1. Mayarra

    Mayarra Banned

    Aug 27, 2017
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    Show a characters voice

    Discussion in 'Character Development' started by Mayarra, Sep 13, 2017.

    I have one character who is an old man. Big beard, walks with a cane, occasionally forgets where hr put his teeth. My mind's eye has a perfect view of him, but my writer's eye is troubled on how to show that in the things he says.

    How does one make his words "sound" like those of an old man?
  2. surrealscenes

    surrealscenes Senior Member

    Aug 9, 2017
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    a room made of impossible angles
    If there is an accent or ways of speaking he uses, there is your start. The audience probably expects him to get lost in conversation and make connections nobody else would make and get sidetracked. He probably mumbles some; mostly to himself but to others when they are near.
    If there is a retirement home (old folks home) near, stop in and ask if you can talk to some of the residents to help you get an idea of how the elderly conversate. Talk to as many as you can and pay attention to how they say what they say and how they get to what they are saying.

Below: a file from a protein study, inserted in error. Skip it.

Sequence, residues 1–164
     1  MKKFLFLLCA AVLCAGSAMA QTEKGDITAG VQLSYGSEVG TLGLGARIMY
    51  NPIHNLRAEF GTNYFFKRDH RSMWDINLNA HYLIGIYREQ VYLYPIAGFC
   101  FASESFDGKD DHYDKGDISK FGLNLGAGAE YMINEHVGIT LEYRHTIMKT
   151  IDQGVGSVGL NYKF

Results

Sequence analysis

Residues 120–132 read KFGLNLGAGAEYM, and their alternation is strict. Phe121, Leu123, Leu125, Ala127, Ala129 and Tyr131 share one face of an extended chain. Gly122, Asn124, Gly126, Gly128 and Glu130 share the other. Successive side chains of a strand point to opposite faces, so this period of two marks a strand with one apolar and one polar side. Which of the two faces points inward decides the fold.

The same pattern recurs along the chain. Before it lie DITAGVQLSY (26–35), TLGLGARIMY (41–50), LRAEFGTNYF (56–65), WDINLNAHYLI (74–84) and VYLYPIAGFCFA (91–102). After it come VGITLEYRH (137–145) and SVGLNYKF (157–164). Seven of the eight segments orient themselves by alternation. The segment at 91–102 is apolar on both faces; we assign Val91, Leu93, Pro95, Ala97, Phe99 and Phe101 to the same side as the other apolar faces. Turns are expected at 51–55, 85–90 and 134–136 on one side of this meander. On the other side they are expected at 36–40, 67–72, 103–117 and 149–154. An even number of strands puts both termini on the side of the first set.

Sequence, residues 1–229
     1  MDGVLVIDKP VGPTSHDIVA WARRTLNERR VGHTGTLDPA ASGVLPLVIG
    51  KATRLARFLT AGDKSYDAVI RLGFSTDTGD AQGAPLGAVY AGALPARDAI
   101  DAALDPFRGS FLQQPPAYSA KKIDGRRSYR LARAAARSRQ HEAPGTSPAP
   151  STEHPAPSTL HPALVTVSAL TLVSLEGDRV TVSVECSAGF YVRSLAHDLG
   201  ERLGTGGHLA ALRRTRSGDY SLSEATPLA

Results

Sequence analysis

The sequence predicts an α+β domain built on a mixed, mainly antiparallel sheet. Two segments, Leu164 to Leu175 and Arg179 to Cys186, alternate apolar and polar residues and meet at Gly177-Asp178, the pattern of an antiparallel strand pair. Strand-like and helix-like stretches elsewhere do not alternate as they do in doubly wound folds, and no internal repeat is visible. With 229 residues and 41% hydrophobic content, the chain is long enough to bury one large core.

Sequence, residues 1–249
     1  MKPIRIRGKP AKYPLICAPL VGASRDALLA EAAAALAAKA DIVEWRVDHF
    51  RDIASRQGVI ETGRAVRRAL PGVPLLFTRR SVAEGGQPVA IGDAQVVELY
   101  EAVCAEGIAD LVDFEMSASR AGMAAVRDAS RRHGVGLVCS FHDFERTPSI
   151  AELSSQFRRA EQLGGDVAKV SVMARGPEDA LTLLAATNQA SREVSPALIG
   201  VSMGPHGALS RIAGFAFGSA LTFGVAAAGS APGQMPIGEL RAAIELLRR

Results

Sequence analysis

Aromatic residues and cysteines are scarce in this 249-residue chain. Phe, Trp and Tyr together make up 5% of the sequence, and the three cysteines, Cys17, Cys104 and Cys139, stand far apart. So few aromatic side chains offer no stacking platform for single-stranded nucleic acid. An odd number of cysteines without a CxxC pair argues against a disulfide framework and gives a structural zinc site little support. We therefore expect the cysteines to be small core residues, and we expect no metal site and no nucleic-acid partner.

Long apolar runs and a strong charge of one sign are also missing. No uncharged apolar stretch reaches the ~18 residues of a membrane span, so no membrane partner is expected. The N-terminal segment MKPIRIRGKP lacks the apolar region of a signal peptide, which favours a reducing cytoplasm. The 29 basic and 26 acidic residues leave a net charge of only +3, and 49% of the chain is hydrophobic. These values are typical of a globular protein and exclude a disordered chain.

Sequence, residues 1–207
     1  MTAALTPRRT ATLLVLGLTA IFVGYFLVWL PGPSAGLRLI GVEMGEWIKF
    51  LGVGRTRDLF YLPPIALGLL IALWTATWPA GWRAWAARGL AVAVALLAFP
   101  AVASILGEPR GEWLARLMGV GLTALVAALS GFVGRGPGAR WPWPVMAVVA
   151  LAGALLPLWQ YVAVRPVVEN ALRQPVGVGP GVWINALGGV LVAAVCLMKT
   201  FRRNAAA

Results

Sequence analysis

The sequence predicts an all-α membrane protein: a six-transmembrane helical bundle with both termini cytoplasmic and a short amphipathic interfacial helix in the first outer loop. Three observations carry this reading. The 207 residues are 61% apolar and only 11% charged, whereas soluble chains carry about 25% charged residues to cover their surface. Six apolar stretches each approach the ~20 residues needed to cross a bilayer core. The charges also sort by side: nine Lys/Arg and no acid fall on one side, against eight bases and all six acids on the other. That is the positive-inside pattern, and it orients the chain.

3. izzybot

    izzybot A Menace Contributor

    Jun 3, 2015
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    SC, USA
    Do you spend much time around old men? In this case I'd just think about my grandfather's mannerisms and pick and choose from them. Huffs and sighs a lot, meanders around every point he tries to make, tends to go off on tangents / stories, loves comparing things now to Back In My Day (as cliche as it is).
  4. DueNorth

    DueNorth Senior Member

    Jan 7, 2014
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    How you write this depends on your POV. There is only so much that you can convey through your old man character's actual speech. The rest is what is observed by whoever your POV character is: for example--

    I moved closer to old man Smith as he started to speak, struggling to hear his failing voice. "Tell them to get the hell off of my land," he said, his right hand trembling as he clutched my arm.
    "I will," I said.
    He pulled me in closer, tightening his grip. "Promise me," he said. My eyes met his, and I noticed for the first time how steely gray they were. "A promise!" he demanded, and a splatter of spittle wet my cheek.
    "I promise," I said, wishing he'd not misplaced his false teeth this morning.

    A silly example, but my point being that our description of our characters comes thru the eyes of our POV character. I personally don't think it works to convey an accent or "sounding old" in dialogue. Use description and dialogue tags. In other words we make him "sound" old by painting a word picture of him as old so that the reader has the same "mind's eye" as you. If you can picture it, you can write it!

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